A fishy musical linguine delight
Despite my best efforts, the eleven minute dash on my bike from the studio after last night’s Channel 4 News to London’s Royal Festival Hall, only graced me with the echoes of the last chords of Beethoven’s 3rd Piano Concerto.
To have missed Daniel Barenboim’s exuberant performance so closely, felt like an act of sacrilege.
The programme promised a second half of the concert devoted to Schoenberg’s Variations for Orchestra, Op.31. There was something identified as an “illustrated talk” on the programme, before the performance of the work itself.
Barenboim bounced onto the stage and proceeded to talk his Staatskapelle Orchestra from Berlin into illustrative splashes of the theme as he led us humorously and imaginatively through each of the variations.
I have always found Schoenberg a bit like a dense sea food linguine – a mass of tangled chords leavened with delicious moments of scallop-like highlights. In short, I have never understood a bar of the stuff.
But last night transported in the hands of this amazing man, the scales fell from my ears. First the cellos ground out the four note theme, then the double bases. Somehow there it was, to be retrieved in every variation whatever the cacophony of sound that surrounded it.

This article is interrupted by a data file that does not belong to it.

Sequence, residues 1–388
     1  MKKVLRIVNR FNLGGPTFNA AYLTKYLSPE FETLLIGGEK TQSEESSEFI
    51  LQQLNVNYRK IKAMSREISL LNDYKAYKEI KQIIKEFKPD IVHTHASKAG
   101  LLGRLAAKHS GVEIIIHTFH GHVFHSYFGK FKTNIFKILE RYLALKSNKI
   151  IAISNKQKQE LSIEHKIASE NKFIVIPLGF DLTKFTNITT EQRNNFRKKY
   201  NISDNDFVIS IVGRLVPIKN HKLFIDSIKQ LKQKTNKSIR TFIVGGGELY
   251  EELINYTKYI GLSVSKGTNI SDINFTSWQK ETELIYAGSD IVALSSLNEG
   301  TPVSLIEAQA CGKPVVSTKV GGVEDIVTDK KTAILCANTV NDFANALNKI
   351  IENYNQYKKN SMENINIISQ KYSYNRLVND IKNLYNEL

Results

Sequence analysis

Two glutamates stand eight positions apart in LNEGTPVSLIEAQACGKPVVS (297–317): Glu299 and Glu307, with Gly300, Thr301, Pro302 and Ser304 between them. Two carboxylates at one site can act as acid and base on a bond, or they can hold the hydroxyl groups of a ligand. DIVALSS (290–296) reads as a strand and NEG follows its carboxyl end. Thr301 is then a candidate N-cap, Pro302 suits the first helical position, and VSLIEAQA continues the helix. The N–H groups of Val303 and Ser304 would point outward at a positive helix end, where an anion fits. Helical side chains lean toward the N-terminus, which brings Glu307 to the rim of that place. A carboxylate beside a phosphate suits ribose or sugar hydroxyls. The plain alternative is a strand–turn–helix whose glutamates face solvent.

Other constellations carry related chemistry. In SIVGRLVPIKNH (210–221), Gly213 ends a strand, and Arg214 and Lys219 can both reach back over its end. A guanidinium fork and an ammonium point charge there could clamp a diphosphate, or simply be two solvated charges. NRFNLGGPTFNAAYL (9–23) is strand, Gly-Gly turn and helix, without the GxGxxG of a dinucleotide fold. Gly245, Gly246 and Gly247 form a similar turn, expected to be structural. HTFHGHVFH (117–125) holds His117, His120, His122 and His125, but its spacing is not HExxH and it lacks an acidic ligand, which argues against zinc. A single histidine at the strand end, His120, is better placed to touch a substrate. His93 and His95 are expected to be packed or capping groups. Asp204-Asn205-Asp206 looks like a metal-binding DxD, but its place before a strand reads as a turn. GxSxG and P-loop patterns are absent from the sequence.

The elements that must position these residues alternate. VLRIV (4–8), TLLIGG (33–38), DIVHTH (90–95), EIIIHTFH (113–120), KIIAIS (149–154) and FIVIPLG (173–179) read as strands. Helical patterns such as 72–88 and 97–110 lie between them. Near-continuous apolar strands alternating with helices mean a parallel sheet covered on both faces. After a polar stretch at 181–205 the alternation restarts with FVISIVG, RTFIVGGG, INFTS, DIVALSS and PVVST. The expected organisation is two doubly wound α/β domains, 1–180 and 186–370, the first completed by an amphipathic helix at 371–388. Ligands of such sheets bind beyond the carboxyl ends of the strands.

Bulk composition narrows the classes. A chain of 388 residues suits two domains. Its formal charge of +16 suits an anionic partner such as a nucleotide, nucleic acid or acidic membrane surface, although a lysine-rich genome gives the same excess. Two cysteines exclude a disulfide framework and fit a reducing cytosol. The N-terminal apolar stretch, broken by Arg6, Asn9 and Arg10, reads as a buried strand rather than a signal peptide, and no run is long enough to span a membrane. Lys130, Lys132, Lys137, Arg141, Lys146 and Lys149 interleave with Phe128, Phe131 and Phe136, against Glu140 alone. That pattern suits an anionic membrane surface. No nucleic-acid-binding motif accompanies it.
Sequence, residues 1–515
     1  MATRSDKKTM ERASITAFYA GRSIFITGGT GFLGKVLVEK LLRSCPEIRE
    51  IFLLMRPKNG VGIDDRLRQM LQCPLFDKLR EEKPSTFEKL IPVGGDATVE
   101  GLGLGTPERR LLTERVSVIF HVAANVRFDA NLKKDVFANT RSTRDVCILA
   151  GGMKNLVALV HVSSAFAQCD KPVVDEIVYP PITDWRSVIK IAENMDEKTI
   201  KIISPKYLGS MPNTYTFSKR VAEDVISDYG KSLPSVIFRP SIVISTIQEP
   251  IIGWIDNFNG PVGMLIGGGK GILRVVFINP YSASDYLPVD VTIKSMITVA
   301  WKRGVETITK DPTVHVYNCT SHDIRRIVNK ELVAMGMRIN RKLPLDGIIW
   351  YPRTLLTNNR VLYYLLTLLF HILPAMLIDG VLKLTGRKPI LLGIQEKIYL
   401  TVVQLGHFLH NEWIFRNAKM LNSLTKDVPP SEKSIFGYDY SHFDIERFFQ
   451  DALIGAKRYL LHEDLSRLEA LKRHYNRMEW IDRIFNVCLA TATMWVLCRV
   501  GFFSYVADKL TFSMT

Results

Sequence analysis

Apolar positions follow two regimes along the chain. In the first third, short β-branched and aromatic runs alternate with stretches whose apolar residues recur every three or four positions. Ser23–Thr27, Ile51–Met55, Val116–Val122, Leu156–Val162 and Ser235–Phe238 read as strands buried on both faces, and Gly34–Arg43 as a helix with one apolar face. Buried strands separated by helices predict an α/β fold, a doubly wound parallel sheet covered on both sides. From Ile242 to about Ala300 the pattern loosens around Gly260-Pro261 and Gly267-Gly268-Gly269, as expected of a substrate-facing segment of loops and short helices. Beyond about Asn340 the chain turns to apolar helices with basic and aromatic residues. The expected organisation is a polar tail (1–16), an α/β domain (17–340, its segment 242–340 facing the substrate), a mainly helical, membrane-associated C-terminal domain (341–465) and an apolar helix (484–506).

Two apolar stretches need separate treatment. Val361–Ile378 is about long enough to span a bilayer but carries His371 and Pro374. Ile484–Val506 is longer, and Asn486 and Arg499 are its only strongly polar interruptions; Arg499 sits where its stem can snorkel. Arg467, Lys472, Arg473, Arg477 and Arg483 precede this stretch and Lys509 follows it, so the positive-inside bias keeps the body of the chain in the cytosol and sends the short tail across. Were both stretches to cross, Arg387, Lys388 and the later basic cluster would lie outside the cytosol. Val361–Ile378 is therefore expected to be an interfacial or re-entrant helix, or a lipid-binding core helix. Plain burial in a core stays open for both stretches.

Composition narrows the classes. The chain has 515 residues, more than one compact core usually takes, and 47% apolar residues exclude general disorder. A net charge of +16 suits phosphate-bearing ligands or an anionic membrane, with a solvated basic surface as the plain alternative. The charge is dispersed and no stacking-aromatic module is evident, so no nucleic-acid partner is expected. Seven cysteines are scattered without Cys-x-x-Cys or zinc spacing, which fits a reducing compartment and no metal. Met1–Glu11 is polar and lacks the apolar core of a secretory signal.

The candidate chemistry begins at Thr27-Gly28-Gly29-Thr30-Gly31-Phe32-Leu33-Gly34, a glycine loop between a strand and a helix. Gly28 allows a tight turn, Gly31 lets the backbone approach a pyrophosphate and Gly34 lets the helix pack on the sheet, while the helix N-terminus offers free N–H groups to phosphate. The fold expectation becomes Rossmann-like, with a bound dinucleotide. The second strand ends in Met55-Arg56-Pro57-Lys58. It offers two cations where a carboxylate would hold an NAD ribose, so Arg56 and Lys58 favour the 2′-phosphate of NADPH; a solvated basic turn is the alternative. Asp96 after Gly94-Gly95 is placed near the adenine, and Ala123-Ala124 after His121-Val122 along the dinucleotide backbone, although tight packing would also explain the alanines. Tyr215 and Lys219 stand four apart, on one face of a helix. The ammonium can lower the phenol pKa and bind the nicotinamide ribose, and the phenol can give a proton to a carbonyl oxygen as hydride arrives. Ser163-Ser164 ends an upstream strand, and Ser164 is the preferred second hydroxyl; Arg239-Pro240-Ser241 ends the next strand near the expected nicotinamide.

Come the performance itself, the packed thousand-strong audience was spellbound, craning to detect the musical path Barenboim had prepared for us.
And there it was, large as life, augmented by what had once sounded like a series of high decibel road accidents, the music finally made sense.
Electrified, the entire audience leapt to its feet at the end in a most un-British standing ovation.
It dawned upon me that Barenboim, whose endless orchestral pursuit of bridge building in the Middle East, manifest in the West East Divan Orchestra of Israeli and Palestinian players, would be a very fit recipient of the Nobel Peace Prize.
It’s a long time since I last interviewed him, but it seems in the years since I last saw him close up, he has lost none of his energy and commitment. He would leave a few other Nobel recipients in the shade.
By the way here’s an unprecedented cross promotion – you can catch the entire Barenboim four night run of Beethoven’s piano Concerto’s and works by Shoenberg on BBC Radio 3 starting tonight!